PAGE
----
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Grocery stores galore on tap
Question of the Day
Grocery stores have a lot on the menu for the rapidly growing Washington suburbs this year.
Between traditional and upscale chains, grocery stores plan to open a flurry of new stores this year to feed the growing population and capture the high incomes in the area.
Grocery chains have been frantically building in the region for about two years, and 2007 will be no different. About 40 grocery stores are under construction and scheduled to open in the Washington area — nearly twice the number of stores that opened last year, according to a recent report by real estate research firm Delta Associates and Rappaport Cos., a real estate company.
“There are untapped consumers that grocery stores are missing out on,” said Sandy Paul, national research director at Delta Associates in Alexandria.
For shoppers, the additional stores mean more variety and possibly a shorter drive to milk, eggs and bread.
Half of the grocery stores are planned for Northern Virginia, which is home to Loudoun County — one of the fastest-growing counties in the country. Seven stores are planned for the District and 13 for Maryland, according to Delta, which measured major chains moving into the Washington suburbs plus Frederick, Loudoun and Prince William counties.
Area grocery chains would not confirm all of the stores Delta says they have planned. But grocery chains are typically quiet about plans, often not talking about a specific store until a few months, or weeks, before it is scheduled to open.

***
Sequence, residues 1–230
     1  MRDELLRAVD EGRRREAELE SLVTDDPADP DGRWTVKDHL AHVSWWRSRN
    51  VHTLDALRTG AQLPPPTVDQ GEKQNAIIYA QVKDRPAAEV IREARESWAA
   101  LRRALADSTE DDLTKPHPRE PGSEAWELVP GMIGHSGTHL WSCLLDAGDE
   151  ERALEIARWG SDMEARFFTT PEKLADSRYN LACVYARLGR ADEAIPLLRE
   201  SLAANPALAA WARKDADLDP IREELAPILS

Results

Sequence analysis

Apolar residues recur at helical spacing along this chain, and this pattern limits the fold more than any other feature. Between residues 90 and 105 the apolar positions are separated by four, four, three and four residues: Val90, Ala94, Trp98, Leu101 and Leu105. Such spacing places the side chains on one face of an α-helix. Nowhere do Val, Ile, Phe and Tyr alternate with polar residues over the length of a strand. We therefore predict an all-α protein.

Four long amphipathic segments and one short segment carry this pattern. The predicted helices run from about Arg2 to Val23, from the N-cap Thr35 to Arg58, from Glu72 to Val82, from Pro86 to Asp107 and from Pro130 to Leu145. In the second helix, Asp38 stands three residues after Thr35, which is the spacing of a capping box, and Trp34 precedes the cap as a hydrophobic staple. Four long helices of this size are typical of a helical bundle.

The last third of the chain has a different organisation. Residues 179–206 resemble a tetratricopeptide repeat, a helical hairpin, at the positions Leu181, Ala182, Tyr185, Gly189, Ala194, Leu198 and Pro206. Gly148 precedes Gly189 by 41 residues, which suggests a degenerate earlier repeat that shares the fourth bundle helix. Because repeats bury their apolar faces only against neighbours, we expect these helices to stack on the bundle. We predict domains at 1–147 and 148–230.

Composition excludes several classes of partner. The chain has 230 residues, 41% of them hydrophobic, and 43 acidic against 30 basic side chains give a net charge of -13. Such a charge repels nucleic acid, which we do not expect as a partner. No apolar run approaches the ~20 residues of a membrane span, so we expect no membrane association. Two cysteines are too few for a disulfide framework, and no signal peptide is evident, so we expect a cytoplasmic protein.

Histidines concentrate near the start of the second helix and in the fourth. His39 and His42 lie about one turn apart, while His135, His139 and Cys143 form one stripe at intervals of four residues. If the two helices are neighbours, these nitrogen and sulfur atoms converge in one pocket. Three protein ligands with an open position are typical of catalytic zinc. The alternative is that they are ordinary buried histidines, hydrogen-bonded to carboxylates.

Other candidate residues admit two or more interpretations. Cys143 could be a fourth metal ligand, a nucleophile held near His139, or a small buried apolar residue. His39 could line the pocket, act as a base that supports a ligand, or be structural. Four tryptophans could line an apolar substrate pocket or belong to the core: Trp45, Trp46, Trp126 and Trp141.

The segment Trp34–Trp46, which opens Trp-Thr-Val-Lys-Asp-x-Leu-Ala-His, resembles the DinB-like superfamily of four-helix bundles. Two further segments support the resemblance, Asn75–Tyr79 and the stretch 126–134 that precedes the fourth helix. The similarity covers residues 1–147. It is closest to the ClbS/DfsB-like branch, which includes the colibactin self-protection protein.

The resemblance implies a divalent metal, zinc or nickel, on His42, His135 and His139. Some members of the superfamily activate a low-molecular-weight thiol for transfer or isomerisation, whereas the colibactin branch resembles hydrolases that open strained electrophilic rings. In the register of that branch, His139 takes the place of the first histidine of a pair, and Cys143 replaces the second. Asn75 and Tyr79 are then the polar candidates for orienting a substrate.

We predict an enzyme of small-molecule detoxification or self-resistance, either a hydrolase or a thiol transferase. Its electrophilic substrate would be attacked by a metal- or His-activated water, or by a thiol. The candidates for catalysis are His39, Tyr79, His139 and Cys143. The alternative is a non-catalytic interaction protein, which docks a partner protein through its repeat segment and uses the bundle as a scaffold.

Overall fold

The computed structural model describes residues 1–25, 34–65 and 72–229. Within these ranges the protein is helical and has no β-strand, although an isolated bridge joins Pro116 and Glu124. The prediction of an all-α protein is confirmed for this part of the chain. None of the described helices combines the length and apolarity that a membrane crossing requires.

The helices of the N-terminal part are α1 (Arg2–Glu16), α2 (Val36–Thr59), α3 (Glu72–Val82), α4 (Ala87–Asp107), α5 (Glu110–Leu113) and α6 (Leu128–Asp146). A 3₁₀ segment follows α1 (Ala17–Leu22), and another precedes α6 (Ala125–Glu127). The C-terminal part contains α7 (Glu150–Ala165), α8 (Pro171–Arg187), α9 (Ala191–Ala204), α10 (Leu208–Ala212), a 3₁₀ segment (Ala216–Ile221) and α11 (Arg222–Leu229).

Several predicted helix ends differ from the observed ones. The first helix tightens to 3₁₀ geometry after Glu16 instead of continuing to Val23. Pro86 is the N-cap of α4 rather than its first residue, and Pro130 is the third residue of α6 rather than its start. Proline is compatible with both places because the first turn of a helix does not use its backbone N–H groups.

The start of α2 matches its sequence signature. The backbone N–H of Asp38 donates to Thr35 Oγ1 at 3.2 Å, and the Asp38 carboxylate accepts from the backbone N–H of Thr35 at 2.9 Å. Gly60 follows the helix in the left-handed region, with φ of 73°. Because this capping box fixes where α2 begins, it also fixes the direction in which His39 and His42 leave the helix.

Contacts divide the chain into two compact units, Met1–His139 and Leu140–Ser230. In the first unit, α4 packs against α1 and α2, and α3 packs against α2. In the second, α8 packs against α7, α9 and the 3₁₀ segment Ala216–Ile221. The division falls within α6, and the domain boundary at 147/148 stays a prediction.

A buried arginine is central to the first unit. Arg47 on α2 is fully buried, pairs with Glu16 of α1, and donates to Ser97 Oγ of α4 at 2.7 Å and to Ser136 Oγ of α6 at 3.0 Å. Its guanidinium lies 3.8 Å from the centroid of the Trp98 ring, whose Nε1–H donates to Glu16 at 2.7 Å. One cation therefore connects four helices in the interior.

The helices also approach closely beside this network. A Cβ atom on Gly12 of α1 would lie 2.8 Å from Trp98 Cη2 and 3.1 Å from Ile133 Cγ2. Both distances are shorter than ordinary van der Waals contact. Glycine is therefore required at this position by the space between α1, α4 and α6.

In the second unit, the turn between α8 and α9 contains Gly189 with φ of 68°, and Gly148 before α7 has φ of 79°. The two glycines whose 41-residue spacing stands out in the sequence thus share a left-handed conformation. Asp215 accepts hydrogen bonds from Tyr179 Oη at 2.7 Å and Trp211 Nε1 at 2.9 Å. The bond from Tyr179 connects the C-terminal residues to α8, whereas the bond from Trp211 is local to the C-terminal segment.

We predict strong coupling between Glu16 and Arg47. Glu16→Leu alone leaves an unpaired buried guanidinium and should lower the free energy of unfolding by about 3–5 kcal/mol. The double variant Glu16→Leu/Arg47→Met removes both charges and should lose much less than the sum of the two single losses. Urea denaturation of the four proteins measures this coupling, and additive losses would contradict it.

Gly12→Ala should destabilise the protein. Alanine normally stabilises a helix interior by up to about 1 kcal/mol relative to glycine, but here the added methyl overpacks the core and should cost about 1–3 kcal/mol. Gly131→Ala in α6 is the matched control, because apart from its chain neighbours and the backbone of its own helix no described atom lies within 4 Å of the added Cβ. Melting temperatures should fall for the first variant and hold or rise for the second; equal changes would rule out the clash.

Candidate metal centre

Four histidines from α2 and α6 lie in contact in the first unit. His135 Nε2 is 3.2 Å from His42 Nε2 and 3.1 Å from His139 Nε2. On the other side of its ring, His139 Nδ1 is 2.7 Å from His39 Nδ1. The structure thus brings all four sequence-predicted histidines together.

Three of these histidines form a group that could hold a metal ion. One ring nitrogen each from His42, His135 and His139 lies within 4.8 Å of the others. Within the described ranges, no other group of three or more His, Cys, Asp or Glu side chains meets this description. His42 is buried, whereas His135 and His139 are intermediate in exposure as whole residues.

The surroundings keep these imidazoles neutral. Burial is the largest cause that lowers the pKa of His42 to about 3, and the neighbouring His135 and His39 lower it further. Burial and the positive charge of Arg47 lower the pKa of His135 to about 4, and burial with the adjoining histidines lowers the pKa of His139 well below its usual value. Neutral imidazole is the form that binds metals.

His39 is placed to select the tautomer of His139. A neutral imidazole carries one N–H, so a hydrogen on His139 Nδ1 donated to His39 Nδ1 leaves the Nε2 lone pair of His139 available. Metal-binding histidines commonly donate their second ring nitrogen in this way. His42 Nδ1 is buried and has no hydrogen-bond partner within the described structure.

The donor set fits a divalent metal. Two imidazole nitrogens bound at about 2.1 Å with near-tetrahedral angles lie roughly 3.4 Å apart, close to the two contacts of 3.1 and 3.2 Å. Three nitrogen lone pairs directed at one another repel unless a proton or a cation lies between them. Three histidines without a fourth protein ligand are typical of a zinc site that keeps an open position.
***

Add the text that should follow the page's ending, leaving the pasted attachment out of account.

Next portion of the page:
But there is room for them. Each existing grocer in the Washington area serves about 9,700 people, more than the national rate of 8,500 people.
Areas such as Prince George’s County and Ward Eight in Southeast Washington are particularly underserved.
“Look at Potomac Yard [Shoppers Food Warehouse] in Alexandria, you see all the Maryland license plates in the parking lot,” Mr. Paul said. “They are having to cross the Wilson Bridge to go to the grocery store because their neighborhood doesn’t have it.”
Some of that need should be met soon. A Wegmans Food Markets store is scheduled to open in Landover next year, and a Giant Food store is scheduled to open on the old Camp Simms National Guard site in Southeast late this year.
High-end chains, such as Whole Foods Market and Harris Teeter, have aggressively moved into the market, hoping to wrestle a larger piece of the $10.5 billion grocery pie from traditional chains, such as Giant Food and Safeway. Harris Teeter, in particular, is planning nine stores, the Matthews, N.C., chain said.
“Some of the smaller chains that cater to higher-priced goods are succeeding in this market,” Mr. Paul said. “They’re providing more options to the consumer and greater diversity of product.”
They’re moving in with features not typically found in grocery stores: A Whole Foods store that opened last week in Fair Lakes in Fairfax County is one of the chain’s two large prototype stores, featuring five restaurants and a wine bar within the store. A Hunt Valley, Md., Wegmans store has garnered massive attention for its Market Cafe, kosher deli, cheese shop and olive bar.
Wegmans doesn’t plan to open any stores here this year. The chain typically opens one or two locations per year, but has sites planned in Woodbridge, Va.; Leesburg, Va.; Landover; Crofton, Md.; and Frederick, Md., to open in 2008 and 2009, a spokeswoman said.
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